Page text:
Newcastle United’s sale to a Saudi-backed consortium appears to be close to completion- a deal that could turn the long-time underachievers into a major Premier League power.
The potential £300 million (S$528 million) takeover will reportedly see Saudi Arabia’s Public Investment Fund take a controlling stake in the club in northeast England.
Agence France-Presse Sport looks at three other English clubs who enjoyed a meteoric rise after lucrative takeovers:
1. Man City become ‘noisy neighbours’
When Sheikh Mansour’s Abu Dhabi United Group completed their £210 million takeover in September 2008, Mark Hughes was City’s manager, Brazilian Jo was their leading striker and Stephen Ireland was being touted as the team’s future star.
Stuck in the shadow of Manchester United for decades, City had ended the previous season with an 8-1 defeat at Middlesbrough and were so hard up that Vincent Kompany said the dressing room toilet at their training ground did not even have a door.
It is safe to say a lot has changed in the past 12 years.
The turnaround from also-rans to the “noisy neighbours” of Alex Ferguson’s nightmares began just hours after the takeover with the shock signing of Brazilian star Robinho – the first in a long list of mega-money transfers that speeded City’s meteoric rise.
City won the 2011 FA Cup and a year later Sergio Aguero snatched the title from United with his stoppage-time winner against QPR on the last day of the season.
Big spending on stars such as Kevin De Bruyne and Raheem Sterling ensured City remained the team to beat and they secured another Premier League title in 2014.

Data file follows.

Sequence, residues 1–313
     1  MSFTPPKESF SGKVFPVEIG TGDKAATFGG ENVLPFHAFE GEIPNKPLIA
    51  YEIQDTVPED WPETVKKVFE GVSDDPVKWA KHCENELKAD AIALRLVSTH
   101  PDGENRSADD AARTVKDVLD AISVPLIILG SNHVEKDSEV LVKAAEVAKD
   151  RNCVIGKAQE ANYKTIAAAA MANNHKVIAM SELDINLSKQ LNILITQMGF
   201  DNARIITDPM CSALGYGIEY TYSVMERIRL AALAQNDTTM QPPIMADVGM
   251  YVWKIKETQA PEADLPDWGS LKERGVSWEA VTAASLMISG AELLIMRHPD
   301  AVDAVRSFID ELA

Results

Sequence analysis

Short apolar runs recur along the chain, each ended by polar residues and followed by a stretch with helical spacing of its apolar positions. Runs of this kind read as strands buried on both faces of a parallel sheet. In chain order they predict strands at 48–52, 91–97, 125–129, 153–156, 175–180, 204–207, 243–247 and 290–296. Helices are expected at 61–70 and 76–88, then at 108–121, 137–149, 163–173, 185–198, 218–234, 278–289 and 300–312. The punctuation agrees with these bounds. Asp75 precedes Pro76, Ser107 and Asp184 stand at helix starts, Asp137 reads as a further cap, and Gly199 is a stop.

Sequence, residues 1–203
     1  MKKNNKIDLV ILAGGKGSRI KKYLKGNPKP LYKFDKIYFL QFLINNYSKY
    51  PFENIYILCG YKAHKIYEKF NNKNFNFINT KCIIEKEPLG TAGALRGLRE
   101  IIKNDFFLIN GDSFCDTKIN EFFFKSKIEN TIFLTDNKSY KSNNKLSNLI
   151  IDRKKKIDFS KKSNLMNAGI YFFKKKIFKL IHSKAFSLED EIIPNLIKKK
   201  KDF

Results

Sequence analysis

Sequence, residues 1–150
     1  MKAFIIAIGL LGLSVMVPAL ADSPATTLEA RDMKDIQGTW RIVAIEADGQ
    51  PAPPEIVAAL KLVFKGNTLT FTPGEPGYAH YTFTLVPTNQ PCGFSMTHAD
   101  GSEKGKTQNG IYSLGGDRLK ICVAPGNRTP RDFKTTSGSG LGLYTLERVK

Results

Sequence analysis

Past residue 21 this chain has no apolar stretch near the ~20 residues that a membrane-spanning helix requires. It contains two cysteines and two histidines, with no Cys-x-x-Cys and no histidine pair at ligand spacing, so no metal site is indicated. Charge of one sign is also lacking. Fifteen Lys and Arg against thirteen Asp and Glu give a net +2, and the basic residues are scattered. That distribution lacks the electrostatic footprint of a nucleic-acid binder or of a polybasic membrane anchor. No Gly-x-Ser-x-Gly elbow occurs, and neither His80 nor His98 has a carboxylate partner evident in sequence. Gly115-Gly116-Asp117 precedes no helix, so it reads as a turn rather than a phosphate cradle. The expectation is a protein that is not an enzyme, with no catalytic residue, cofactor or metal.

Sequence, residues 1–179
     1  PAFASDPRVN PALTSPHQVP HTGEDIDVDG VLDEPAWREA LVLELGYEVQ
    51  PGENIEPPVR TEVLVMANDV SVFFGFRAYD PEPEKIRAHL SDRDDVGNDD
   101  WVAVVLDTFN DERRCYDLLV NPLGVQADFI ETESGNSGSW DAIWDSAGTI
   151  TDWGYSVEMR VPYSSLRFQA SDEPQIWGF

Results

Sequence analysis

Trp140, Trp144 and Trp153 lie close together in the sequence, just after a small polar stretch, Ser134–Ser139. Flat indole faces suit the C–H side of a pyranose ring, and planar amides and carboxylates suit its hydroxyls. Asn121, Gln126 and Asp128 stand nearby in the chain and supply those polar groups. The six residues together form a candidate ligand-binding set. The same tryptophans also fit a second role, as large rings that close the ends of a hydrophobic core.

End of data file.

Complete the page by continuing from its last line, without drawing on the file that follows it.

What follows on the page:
Pep Guardiola’s appointment in 2016 lifted them onto an even higher level and they won the Premier League in record-breaking style in 2018.
Clinching an unprecedented domestic treble in 2019 established Guardiola’s group as one of the greatest teams in Premier League history.
2. Chelsea’s Russian revolution
Roman Abramovich changed the face of the Premier League with his Russian revolution at Stamford Bridge.
Abramovich’s £140 million takeover in 2003 triggered a seismic shift in power in the Premier League.
Manchester United and Arsenal were England’s pre-eminent forces, but all that changed when, as Gunners vice-chairman David Dein noted with much regret, Abramovich “parked his Russian tanks on our lawn and fired £50 notes at us”.
Abramovich’s cash landed Jose Mourinho in 2004 and funded his wunderkind manager’s assault on the Premier League establishment.
Mourinho won the title in his first season, ending Chelsea’s 50-year wait to be crowned kings of English football, and followed that feat by retaining the trophy 12 months later.
Carlo Ancelotti delivered more Premier League glory in 2010 and Mourinho returned to win his third title in 2015 before Antonio Conte landed the fifth English title of the Abramovich era in 2017.
Having fallen in love with football while watching a Champions League match between Manchester United and Real Madrid, Abramovich’s holy grail was to lead Chelsea to their first triumph in Europe’s elite club competition.
His wish came true in 2012 when Chelsea defied the odds to beat Bayern Munich in the final in the German team’s own Allianz Arena.
3. Blackburn dream
Fulfilling a childhood dream, Jack Walker’s vast investment transformed unglamorous Blackburn from a relic of the past into English champions.
Blackburn were in the lower reaches of the second tier when Walker became the club’s majority owner after selling his steel business to British Steel for a reported £360 million.
Walker was the local boy made good, who came back to revive the team he supported as a youngster.
Blackburn had not won a major trophy since the 1928 FA Cup, but Walker lured Kenny Dalglish as manager in 1991 and together they put Ewood Park back on the map.
Rovers were promoted in 1992 and Walker’s lavish spending made them a Premier League force.
They flexed their muscles by splashing a then English record £3.6 million to sign Southampton striker Alan Shearer, beating Manchester United in the race.
In 1995, Shearer’s goals helped Blackburn win the title for the first time in 81 years.
It was the culmination of Walker’s ambitious dream, but they could not sustain that success and were relegated in 1999, a year before their benefactor’s death.